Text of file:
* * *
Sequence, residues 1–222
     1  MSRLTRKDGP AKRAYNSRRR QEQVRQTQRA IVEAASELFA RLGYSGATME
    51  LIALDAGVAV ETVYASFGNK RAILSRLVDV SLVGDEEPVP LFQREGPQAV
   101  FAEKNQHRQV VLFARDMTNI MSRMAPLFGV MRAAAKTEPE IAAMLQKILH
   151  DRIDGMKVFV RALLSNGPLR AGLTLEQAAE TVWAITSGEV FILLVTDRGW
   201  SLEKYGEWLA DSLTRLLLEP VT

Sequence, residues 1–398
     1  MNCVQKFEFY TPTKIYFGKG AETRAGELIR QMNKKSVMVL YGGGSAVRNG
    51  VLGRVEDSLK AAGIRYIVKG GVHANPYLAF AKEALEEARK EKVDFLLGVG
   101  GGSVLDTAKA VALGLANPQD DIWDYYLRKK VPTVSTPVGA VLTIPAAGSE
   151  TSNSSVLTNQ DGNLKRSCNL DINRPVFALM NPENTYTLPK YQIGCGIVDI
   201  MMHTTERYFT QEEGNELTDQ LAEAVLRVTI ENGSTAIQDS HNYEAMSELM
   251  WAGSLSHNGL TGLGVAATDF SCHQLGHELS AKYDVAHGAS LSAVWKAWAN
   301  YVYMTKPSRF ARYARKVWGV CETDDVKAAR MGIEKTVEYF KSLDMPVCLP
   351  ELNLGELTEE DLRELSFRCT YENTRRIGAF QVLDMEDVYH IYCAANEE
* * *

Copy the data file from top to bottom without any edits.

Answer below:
Sequence, residues 1–222
     1  MSRLTRKDGP AKRAYNSRRR QEQVRQTQRA IVEAASELFA RLGYSGATME
    51  LIALDAGVAV ETVYASFGNK RAILSRLVDV SLVGDEEPVP LFQREGPQAV
   101  FAEKNQHRQV VLFARDMTNI MSRMAPLFGV MRAAAKTEPE IAAMLQKILH
   151  DRIDGMKVFV RALLSNGPLR AGLTLEQAAE TVWAITSGEV FILLVTDRGW
   201  SLEKYGEWLA DSLTRLLLEP VT

Sequence, residues 1–398
     1  MNCVQKFEFY TPTKIYFGKG AETRAGELIR QMNKKSVMVL YGGGSAVRNG
    51  VLGRVEDSLK AAGIRYIVKG GVHANPYLAF AKEALEEARK EKVDFLLGVG
   101  GGSVLDTAKA VALGLANPQD DIWDYYLRKK VPTVSTPVGA VLTIPAAGSE
   151  TSNSSVLTNQ DGNLKRSCNL DINRPVFALM NPENTYTLPK YQIGCGIVDI
   201  MMHTTERYFT QEEGNELTDQ LAEAVLRVTI ENGSTAIQDS HNYEAMSELM
   251  WAGSLSHNGL TGLGVAATDF SCHQLGHELS AKYDVAHGAS LSAVWKAWAN
   301  YVYMTKPSRF ARYARKVWGV CETDDVKAAR MGIEKTVEYF KSLDMPVCLP
   351  ELNLGELTEE DLRELSFRCT YENTRRIGAF QVLDMEDVYH IYCAANEE